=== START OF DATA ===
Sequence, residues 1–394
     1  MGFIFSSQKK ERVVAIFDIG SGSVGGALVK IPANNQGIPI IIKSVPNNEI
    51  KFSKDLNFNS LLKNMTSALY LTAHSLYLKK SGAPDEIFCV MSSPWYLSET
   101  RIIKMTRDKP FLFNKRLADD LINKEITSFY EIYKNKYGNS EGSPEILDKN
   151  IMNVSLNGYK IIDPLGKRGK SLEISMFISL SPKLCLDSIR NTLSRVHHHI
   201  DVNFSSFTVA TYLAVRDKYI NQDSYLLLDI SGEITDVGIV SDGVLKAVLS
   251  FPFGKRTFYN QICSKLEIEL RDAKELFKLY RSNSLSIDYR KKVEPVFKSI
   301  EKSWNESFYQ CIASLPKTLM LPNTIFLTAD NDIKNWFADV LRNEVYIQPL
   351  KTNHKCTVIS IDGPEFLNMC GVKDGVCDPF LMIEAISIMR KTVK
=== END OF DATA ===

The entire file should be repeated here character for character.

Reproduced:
Sequence, residues 1–394
     1  MGFIFSSQKK ERVVAIFDIG SGSVGGALVK IPANNQGIPI IIKSVPNNEI
    51  KFSKDLNFNS LLKNMTSALY LTAHSLYLKK SGAPDEIFCV MSSPWYLSET
   101  RIIKMTRDKP FLFNKRLADD LINKEITSFY EIYKNKYGNS EGSPEILDKN
   151  IMNVSLNGYK IIDPLGKRGK SLEISMFISL SPKLCLDSIR NTLSRVHHHI
   201  DVNFSSFTVA TYLAVRDKYI NQDSYLLLDI SGEITDVGIV SDGVLKAVLS
   251  FPFGKRTFYN QICSKLEIEL RDAKELFKLY RSNSLSIDYR KKVEPVFKSI
   301  EKSWNESFYQ CIASLPKTLM LPNTIFLTAD NDIKNWFADV LRNEVYIQPL
   351  KTNHKCTVIS IDGPEFLNMC GVKDGVCDPF LMIEAISIMR KTVK